Even to the casual filmgoer, the idea of seeing Batman fight Superman on the big screen was pretty enticing. Sadly, the film in question, Batman v Superman, ultimately fell into the hands of the wrong director. In almost every aspect, Zack Snyder took the movie way too seriously. The script was frigid; the actors looked bored; even the one-or-two attempts at making a joke fell flat. Seriously, at any given point, it was hard not to wonder whether the Joker would pop his head in and declare, "Why so serious?"

Snyder's dull-as-dirt approach had catastrophic effects on the movie as a whole. For starters, the film's exhausting running time of two-and-a-half hours felt all the longer. Even worse, the film's most crucial moments—the fight between Batman and Superman and the fight against Doomsday, respectively—were met less with thrill and excitement and more with boredom and apathy. "Is it over yet?" became the question on everyone's mind. From a box office perspective, the answer to that question looks like a "yes." Shortly after its release, the film has seen jaw-dropping drops in returns, which many have speculated come as a result of its poor quality. If things are this bad now, we can't even begin to imagine what's in store when Snyder releases The Justice League Part One.

M. Night Shyamalan: Lady in the Water

Hard as it may be to believe today, there was a point in time when M. Night Shyamalan movies were actually an event. By the time Lady in the Water cannon-balled into theaters in 2006, there were signs that Shyamalan's run as "the next Spielberg" was coming to an end. His previous movie, The Village, was met with a number of eye rolls, due in part to its ridiculous twist ending. Still, people still had fond-enough memories of The Sixth Sense, Unbreakable, and Signs to give Lady in the Water a look.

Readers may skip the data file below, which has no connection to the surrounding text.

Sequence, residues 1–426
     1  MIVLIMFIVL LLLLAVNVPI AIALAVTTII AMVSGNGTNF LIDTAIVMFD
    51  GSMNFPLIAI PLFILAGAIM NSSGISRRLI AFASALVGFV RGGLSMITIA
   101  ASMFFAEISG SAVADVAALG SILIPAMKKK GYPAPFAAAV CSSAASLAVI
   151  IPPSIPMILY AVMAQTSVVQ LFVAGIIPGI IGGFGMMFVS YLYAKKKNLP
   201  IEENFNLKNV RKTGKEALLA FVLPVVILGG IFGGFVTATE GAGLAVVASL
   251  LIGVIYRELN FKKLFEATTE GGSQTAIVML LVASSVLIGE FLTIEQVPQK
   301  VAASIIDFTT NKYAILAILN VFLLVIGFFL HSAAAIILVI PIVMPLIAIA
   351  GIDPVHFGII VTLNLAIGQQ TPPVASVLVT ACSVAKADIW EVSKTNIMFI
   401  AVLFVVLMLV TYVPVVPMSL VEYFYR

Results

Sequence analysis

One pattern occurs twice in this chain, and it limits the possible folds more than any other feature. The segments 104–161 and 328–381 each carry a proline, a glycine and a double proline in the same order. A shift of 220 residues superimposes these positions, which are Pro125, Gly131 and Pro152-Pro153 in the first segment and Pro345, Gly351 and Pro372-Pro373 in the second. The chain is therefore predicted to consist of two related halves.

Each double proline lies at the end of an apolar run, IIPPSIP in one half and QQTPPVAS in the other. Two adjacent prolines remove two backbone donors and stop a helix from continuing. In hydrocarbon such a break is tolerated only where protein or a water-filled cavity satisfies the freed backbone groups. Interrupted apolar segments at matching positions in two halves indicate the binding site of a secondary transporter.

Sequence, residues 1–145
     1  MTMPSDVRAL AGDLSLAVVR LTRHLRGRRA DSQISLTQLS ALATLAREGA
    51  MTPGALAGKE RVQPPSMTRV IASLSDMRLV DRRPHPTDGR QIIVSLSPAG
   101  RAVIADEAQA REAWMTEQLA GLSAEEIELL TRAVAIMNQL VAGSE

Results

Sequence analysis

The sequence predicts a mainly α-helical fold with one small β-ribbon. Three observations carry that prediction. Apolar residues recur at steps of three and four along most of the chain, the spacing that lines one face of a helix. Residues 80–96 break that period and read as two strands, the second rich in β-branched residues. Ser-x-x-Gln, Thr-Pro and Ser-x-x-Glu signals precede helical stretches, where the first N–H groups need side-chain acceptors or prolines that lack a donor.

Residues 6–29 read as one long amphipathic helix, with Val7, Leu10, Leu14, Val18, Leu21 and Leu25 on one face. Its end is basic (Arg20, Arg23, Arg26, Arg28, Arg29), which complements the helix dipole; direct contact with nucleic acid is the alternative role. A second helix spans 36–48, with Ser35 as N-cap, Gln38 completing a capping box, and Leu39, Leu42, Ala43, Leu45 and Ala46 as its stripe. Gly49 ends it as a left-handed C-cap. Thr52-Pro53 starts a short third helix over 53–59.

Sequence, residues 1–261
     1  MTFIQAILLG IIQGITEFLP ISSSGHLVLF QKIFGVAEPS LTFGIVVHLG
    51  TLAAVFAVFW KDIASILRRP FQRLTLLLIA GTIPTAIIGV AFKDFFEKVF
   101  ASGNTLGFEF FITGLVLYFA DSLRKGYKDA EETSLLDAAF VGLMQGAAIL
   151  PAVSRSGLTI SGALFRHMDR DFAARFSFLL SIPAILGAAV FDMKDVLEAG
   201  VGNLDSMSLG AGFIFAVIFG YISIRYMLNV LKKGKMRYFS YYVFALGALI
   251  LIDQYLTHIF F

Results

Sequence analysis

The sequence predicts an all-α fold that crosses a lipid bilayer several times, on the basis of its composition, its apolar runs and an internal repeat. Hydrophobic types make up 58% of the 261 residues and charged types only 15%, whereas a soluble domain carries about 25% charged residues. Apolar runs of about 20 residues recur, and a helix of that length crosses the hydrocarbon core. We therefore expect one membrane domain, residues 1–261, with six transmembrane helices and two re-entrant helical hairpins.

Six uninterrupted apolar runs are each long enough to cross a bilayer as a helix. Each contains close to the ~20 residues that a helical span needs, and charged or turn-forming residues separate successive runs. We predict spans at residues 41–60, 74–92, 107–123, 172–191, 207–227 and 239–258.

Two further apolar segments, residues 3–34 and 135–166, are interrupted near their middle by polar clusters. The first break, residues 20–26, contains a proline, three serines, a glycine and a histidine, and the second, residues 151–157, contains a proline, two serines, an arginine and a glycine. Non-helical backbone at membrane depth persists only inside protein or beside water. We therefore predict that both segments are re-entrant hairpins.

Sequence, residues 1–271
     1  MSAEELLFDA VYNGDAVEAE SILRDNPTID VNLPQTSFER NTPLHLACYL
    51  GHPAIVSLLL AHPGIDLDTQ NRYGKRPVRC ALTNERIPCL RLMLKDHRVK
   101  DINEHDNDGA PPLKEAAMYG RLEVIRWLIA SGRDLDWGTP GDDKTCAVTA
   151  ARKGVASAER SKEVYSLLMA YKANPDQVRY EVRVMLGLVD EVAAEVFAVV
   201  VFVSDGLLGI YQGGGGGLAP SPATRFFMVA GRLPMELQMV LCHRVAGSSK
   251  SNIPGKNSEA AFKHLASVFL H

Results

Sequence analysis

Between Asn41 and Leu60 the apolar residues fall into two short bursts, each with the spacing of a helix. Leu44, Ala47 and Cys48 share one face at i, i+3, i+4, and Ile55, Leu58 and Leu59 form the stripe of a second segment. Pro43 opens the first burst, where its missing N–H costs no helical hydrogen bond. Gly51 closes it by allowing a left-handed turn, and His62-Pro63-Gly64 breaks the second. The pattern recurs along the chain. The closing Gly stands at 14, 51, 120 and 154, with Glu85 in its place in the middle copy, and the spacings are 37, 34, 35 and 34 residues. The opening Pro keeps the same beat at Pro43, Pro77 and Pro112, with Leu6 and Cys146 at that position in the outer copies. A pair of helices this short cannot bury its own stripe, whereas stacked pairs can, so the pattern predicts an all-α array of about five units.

What a mistake that turned out to be. Of all the ridiculous things to happen in Lady in the Water, none was as big of a misstep as Shyamalan's narcissistic decision to cast himself as a writer whose misunderstood work would one day be remembered for being brilliant. Playing this role, which Shyamalan also wrote, seemed to be the director's way of firing back at critics who had problems with The Village. At the same time, though, it was hard not to assume that Shyamalan actually believed he was that brilliant. Naturally, critics and audiences balked at the movie and it won a bunch of Razzies. To this day, Shyamalan will probably try to convince you that Lady in the Water will remembered differently in 30 years. It might even save the world, he might say. Yeah. That's never going to happen.

Ridley Scott: Prometheus

Is it possible for a pretty good movie to still be seen as a disappointment? In the case of Prometheus, director Ridley Scott's vague prequel to Alien, the answer is "absolutely." Scott's involvement in the project was initially exciting for many fans. At the time, he'd only directed one Alien movie, the original 1979 classic, which was always viewed as a smarter, more psychological effort than the film's action-heavy sequels.

Certainly, there are many parts about Prometheus that were good. Michael Fassbender arguably deserved an Oscar for playing the super-creepy android David. But the film's murky, at times head-scratching plot didn't sit well with many fans of the franchise, some of whom felt that Scott had waited too long to return and had thus lost his touch. If it's any consolation, Scott says he's got three more prequels in him that will eventually bring fans back to the original. Could those be a "mea culpa" for his good-but-not-good-enough Prometheus? If The Martian was any indication, maybe he's finally got his groove back.